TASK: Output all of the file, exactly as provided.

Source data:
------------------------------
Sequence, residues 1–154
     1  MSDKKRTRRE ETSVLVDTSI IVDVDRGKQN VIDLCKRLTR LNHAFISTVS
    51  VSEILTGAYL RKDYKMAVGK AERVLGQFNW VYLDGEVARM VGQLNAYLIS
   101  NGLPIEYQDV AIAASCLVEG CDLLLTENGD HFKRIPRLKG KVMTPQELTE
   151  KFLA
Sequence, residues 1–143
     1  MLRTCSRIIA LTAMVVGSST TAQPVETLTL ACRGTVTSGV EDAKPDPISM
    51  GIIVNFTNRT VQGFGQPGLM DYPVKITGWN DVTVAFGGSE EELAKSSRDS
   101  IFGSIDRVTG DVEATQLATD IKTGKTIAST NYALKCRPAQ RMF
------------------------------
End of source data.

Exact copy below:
Sequence, residues 1–154
     1  MSDKKRTRRE ETSVLVDTSI IVDVDRGKQN VIDLCKRLTR LNHAFISTVS
    51  VSEILTGAYL RKDYKMAVGK AERVLGQFNW VYLDGEVARM VGQLNAYLIS
   101  NGLPIEYQDV AIAASCLVEG CDLLLTENGD HFKRIPRLKG KVMTPQELTE
   151  KFLA
Sequence, residues 1–143
     1  MLRTCSRIIA LTAMVVGSST TAQPVETLTL ACRGTVTSGV EDAKPDPISM
    51  GIIVNFTNRT VQGFGQPGLM DYPVKITGWN DVTVAFGGSE EELAKSSRDS
   101  IFGSIDRVTG DVEATQLATD IKTGKTIAST NYALKCRPAQ RMF